After the MOOC Revolution

MOOC revolutionIn 2008 when I read about a professor making his course "open learning," I wasn't prescient enough to see the rise of MOOCs or any coming revolution in learning, especially online. 

The term MOOC, for Massive Open Online Courses, became the popular terminology for the concept behind that 2008 experiment. Almost everyone was saying it was a revolution that would disrupt universities. Sebastian Thrun, co-founder of Udacity, famously predicted that in 50 years there would be only 10 higher education institutions.  That didn't happen. 

I wrote a book chapter with my wife a few years ago about whether or not the "MOOC Revolution" was in fact a revolution or rather an evolution of learning and learning online.  And recently I saw that Jeffrey Young, author of that 2008 piece, has posted this year asking "What if MOOCs Revolutionize Education After All?"

His new post and podcast on EdSurge focuses on Barbara Oakley, a professor of engineering at Oakland University, who thinks a lot about how people learn particularly because she has been teaching a lot of them in one of the most popular online courses ever. "Learning How to Learn" has had more than 2 million participants and teaching it has her believing, despite the cooling of the MOOC Revolution hype, that free online courses might still lead to a revolution in higher education.

 

Professor Oakley thinks that MOOCs will enhance classrooms and also serve as competition, which will force schools to jump over a higher bar.

In our chapter on MOOCs, we said that "Most technological change involves massive disruption whereas economic ‘bubbles’, like the trillion-dollar student loan bubble in the U.S., tend to burst, not slowly deflate. Initially, the disruption of the MOOC may have appeared to be a rapid revolution just a few years ago, but it seems more likely to become a gradual evolution over the course of the next decade." I think that prediction is holding true.

Through this blog and a LinkedIn group called "Academia and the MOOC" that I started in 2013, I have met many people from around the world who are using MOOCs. The group is for or anyone interested in how MOOCs have impacted education and how they might in the future, and it began with members of the MOOC of the same name hosted in the Canvas Network in Spring 2013 and taught my myself, my wife, Lynnette Ronkowitz and Mary Zedeck.

On of the people I have met virtually is Muvaffak Gozaydin. He contacted me last fall about a "crazy idea" he had to provide no-cost graduate degrees using MOOCs. He contacted me again this summer to tell me that his crazy idea was launching. He wants to offer "professional learners" the opportunity to get an MS degree online by selecting courses offered already courses from Harvard, Stanford, MIT, Duke, Yale and other top schools. His site is at mguniversity2017.org and he has organized it to direct students towards a course catalog for five degrees currently. His project is not accredited in any country, but all the universities and courses offered are accredited and he hopes that holders of "degrees" from MGU can use them to find or advance in jobs internationally.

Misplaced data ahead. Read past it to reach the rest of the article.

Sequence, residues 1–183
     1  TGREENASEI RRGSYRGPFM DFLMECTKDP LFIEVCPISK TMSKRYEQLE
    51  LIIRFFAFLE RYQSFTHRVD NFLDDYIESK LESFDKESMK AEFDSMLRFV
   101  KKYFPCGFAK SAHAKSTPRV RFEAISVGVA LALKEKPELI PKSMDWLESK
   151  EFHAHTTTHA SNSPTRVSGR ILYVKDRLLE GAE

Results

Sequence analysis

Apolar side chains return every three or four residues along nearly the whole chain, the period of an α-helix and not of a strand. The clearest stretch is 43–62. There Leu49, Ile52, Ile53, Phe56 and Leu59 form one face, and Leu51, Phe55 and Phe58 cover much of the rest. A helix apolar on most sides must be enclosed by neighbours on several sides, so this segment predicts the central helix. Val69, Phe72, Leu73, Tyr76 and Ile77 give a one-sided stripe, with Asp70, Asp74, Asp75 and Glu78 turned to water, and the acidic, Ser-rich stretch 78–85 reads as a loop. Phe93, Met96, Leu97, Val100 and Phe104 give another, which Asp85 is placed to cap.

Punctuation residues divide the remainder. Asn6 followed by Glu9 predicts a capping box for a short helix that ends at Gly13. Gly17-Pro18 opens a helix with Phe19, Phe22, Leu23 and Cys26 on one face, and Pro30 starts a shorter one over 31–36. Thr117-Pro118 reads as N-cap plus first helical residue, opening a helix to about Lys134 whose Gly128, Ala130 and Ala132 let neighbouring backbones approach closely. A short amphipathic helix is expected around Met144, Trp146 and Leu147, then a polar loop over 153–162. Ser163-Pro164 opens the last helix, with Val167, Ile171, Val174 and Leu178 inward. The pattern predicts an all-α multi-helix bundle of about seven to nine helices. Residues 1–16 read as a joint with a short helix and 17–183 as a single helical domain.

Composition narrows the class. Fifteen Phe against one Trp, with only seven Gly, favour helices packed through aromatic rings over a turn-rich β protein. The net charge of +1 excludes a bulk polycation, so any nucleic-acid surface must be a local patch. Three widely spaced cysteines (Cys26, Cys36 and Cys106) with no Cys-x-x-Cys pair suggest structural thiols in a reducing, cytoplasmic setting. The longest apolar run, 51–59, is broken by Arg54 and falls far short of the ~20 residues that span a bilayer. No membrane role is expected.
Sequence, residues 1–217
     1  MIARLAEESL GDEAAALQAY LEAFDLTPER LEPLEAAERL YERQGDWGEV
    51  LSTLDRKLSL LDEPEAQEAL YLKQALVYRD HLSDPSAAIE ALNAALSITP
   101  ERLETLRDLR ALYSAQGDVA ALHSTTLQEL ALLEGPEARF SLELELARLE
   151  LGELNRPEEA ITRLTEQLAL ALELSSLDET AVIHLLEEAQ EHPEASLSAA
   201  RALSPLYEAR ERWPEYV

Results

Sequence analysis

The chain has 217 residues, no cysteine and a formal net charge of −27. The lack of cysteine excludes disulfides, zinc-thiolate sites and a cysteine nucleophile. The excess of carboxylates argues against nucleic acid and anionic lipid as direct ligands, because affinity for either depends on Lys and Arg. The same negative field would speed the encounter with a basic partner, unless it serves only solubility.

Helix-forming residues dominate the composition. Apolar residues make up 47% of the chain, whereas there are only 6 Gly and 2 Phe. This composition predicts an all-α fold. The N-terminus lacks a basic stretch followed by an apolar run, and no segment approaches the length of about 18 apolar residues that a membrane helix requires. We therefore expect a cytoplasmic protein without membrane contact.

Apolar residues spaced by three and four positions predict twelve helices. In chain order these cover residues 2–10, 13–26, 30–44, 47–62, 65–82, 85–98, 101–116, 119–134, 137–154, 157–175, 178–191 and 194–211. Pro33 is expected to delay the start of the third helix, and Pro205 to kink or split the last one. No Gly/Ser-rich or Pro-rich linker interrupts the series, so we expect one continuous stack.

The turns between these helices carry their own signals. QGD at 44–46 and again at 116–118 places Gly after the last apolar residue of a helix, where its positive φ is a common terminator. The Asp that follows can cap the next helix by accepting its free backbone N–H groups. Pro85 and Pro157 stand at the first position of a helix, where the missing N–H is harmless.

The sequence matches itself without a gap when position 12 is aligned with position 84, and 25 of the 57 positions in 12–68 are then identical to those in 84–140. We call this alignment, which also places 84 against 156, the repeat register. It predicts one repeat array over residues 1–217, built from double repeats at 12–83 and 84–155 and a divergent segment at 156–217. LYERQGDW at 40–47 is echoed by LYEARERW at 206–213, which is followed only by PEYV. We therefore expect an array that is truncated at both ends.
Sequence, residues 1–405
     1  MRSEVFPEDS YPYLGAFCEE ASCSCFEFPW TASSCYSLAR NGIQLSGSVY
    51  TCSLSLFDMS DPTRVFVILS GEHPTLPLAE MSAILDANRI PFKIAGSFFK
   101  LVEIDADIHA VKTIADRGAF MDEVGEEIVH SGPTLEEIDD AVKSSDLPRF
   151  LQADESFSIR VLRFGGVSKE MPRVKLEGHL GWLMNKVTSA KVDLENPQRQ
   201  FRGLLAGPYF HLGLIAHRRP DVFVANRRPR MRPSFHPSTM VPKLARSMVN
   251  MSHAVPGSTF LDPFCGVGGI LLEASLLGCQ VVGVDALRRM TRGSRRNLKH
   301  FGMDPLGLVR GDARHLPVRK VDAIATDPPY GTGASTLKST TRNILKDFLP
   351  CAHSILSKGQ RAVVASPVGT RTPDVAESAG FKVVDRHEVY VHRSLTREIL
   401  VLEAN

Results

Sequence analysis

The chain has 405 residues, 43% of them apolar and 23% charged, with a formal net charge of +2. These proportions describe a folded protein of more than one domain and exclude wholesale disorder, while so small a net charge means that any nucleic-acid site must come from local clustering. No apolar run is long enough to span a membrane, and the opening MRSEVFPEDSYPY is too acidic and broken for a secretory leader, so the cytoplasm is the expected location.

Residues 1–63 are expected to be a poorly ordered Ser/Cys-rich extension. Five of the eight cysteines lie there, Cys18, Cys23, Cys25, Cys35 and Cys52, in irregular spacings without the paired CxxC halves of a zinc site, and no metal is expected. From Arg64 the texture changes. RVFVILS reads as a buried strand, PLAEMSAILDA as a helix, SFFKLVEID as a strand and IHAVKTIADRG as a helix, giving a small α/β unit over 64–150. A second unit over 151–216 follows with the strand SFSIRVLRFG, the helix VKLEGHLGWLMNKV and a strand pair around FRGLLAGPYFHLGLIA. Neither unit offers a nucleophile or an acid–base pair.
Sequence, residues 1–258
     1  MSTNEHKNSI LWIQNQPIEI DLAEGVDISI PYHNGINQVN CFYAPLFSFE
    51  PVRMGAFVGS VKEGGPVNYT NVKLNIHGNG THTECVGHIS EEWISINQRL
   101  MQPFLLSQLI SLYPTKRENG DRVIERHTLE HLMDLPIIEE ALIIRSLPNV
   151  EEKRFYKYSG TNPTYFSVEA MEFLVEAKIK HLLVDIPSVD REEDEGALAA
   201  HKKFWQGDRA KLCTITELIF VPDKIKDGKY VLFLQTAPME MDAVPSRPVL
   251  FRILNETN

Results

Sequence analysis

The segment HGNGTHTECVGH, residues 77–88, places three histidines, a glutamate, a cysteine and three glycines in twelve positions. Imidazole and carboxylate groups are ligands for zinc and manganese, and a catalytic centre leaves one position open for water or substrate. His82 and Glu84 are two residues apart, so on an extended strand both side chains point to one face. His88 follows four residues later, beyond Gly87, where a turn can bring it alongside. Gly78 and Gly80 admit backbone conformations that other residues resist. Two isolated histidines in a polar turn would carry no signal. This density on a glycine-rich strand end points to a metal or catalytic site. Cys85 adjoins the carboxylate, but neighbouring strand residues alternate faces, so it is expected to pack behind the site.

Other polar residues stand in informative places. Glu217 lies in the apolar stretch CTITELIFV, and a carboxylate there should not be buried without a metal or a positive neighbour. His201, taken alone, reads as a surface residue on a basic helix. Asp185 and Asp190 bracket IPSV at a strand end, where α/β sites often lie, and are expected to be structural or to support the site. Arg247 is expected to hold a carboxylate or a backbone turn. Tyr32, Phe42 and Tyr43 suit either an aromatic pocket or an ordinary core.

Is his idea crazy? He asked me that again this year before he launched his site. It reminded me of something Dhawal Shah, the founder of Class Central, has said recently: "...there’s been a decisive shift by MOOC providers to focus on 'professional' learners who are taking these courses for career-related outcomes. At the recently concluded EMOOCs conference, the then CEO of Coursera, Rick Levin, shared his thoughts on this shift. He thinks that MOOCs may not have disrupted the education market, but they are disrupting the labor market. The real audience is not the traditional university student but what he calls the 'lifelong career learner,' someone who might be well beyond their college years and takes these online courses with the goal of achieving professional and career growth."

That last sentence was one of the conclusions of our book chapter. Maybe the revolution is bigger than disrupting universities. Maybe the revolution is about learning and not only in schools at all grade levels but also in business, industry and professional learning. All will be disrupted.

Shah, Gozaydin, Thrun and others have concluded two things about the MOOC revolution:  1) The real audience is the professional learner working in a field and with an undergraduate degree who wants to advance.  2) There are already plenty of online courses available from top universities and other providers to offer in packages (call them degrees, certificates, mini-degrees etc.) either free or with a fee smaller than that of a traditional university that carries some evidence of quality and completion.

The biggest issue with the truly open and free online courses, massive or not, has been since the beginning using them for advancement, either towards degrees or professional advancement. If you are looking to advance your own knowledge and skills without concern for official "credits," the MOOC is ideal.